(21/07) Beate tells Sky News that she is “cautiously optimistic” about the latest Oxford vaccine trial results. Beate said: “The immune response that was hoped for has been shown. Whether that will give us an effective vaccine, nobody can tell.”

(16/07) Beate discusses the latest COVID-19 vaccine developments on Sky News. Beate said: “There can be no doubt that an enormous amount of progress has been made in a very short time, and this really represents an unprecedented collaborative effort between academia, industry, funders and regulators. But to date, we have no vaccine that is proven to be safe and effective against COVID-19.”

Ajay Aggarwal

(21/07) Ajay explains the impact of delayed cancer diagnoses during the COVID-19 pandemic on BBC Radio 5 Live (from 3:36:30). Ajay said: “We’ve had such a shortfall of diagnoses four, five months in that people are invariably going to present with later stage disease.”

(20/07) Ajay discusses new research findings that predict COVID-19 could cause up to 3,500 potentially avoidable cancer deaths in England over the next five years, in The Guardian. Ajay said: “Our findings demonstrate the impact of the national COVID-19 response, which may cut short the lives of thousands of people with cancer in England over the next five years.”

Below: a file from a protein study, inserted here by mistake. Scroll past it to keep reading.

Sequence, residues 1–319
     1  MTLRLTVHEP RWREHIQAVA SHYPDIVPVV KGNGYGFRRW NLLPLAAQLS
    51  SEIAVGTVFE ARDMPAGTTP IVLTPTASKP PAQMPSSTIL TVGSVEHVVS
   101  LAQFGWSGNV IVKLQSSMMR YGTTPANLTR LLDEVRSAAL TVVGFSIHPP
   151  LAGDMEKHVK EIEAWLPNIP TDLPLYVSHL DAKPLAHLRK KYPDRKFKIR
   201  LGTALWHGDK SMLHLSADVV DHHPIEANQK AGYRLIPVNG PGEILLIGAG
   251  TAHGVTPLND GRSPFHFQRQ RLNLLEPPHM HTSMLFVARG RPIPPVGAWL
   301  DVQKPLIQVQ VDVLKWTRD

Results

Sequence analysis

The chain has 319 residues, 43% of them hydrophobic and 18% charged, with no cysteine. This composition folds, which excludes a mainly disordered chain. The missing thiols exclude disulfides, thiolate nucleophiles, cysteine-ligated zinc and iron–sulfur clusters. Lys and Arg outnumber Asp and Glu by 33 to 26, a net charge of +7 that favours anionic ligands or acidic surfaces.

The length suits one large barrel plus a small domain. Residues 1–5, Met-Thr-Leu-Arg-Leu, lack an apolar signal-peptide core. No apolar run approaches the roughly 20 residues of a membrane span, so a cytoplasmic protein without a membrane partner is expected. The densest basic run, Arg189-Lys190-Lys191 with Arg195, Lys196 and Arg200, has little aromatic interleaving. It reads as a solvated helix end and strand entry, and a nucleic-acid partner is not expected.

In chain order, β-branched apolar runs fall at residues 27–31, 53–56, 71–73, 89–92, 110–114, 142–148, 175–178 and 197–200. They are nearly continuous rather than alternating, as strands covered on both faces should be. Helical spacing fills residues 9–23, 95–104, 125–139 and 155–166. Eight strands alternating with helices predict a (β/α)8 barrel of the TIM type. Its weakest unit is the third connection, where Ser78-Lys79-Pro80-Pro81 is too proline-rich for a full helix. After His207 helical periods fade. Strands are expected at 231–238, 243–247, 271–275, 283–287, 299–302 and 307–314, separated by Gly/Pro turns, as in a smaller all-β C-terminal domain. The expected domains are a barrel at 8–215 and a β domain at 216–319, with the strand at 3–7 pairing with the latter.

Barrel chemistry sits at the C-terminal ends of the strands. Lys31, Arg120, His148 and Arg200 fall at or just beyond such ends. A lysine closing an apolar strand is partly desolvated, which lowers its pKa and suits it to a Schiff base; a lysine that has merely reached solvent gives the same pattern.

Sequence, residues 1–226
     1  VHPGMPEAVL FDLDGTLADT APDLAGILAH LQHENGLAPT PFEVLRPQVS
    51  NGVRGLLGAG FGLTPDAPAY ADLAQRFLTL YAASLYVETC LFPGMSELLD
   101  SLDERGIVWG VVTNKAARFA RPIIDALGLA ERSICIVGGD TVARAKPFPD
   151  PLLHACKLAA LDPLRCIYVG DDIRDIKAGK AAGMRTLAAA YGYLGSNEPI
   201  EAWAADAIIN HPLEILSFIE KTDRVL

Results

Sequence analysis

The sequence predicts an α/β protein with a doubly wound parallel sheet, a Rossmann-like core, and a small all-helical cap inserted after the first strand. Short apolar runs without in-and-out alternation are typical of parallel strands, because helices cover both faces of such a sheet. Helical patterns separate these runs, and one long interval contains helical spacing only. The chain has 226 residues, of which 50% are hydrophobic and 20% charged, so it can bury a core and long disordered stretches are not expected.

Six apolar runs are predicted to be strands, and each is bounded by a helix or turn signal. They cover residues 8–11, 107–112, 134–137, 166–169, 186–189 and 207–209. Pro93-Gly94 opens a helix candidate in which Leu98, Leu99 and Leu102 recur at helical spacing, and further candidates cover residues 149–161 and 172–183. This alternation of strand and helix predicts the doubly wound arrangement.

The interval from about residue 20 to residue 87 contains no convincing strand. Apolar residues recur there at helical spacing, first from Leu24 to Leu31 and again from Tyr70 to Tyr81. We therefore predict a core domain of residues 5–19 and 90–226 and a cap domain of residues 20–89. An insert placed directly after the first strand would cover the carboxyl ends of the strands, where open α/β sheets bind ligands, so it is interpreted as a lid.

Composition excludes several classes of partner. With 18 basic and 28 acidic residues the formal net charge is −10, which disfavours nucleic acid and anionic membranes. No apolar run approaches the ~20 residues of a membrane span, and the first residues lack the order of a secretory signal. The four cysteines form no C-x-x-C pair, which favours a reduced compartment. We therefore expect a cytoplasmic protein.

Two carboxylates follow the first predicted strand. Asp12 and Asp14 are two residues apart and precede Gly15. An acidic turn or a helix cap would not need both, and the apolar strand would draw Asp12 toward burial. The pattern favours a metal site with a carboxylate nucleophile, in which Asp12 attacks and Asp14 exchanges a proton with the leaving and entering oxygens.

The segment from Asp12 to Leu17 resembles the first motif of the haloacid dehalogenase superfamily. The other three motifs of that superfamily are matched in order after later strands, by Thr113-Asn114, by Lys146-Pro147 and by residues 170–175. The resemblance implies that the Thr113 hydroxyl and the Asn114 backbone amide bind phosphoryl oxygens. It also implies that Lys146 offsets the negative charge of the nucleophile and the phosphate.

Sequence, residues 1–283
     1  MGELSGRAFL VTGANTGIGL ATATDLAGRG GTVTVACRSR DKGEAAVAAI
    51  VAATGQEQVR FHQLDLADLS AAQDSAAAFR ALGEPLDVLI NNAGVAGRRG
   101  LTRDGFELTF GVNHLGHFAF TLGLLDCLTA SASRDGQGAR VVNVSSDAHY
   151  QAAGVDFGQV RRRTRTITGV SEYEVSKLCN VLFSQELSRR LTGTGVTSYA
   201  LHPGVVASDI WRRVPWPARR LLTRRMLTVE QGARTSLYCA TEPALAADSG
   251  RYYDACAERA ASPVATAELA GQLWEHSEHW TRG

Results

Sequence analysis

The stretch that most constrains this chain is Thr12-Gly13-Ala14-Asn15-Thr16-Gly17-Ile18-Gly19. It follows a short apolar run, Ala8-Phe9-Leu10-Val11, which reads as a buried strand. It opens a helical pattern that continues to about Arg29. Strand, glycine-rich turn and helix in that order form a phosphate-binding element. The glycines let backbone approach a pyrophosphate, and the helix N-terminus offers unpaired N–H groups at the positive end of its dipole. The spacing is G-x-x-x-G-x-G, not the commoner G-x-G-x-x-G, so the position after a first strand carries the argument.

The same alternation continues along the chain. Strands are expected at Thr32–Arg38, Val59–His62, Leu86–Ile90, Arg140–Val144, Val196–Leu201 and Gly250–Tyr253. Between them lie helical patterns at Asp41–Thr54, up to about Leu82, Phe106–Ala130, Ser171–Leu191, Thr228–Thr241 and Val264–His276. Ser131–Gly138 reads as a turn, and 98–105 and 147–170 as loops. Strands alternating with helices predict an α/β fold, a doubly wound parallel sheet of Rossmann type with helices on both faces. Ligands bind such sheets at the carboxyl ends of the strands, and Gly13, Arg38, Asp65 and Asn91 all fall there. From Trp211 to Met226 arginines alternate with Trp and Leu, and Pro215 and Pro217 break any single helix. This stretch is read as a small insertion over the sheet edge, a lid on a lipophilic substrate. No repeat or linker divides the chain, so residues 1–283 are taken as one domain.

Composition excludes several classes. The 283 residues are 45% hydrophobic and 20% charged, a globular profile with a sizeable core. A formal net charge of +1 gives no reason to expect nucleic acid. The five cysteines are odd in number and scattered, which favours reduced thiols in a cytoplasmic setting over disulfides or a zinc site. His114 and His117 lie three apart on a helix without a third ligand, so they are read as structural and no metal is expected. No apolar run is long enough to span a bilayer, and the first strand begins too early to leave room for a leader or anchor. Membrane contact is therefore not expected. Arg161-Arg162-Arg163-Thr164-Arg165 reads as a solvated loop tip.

Mark Jit

(19/07) Mark discusses the likelihood of the UK needing to impose a second national lockdown on BBC Radio 5 Live (from 21:22). Mark said: “Whether or not we’re going to need another lockdown will depend on a range of decisions that individuals and governments both in this country and around the world are making. That we can’t predict yet so it is not inevitable but we can’t rule it out for certain, there might be a second wave.”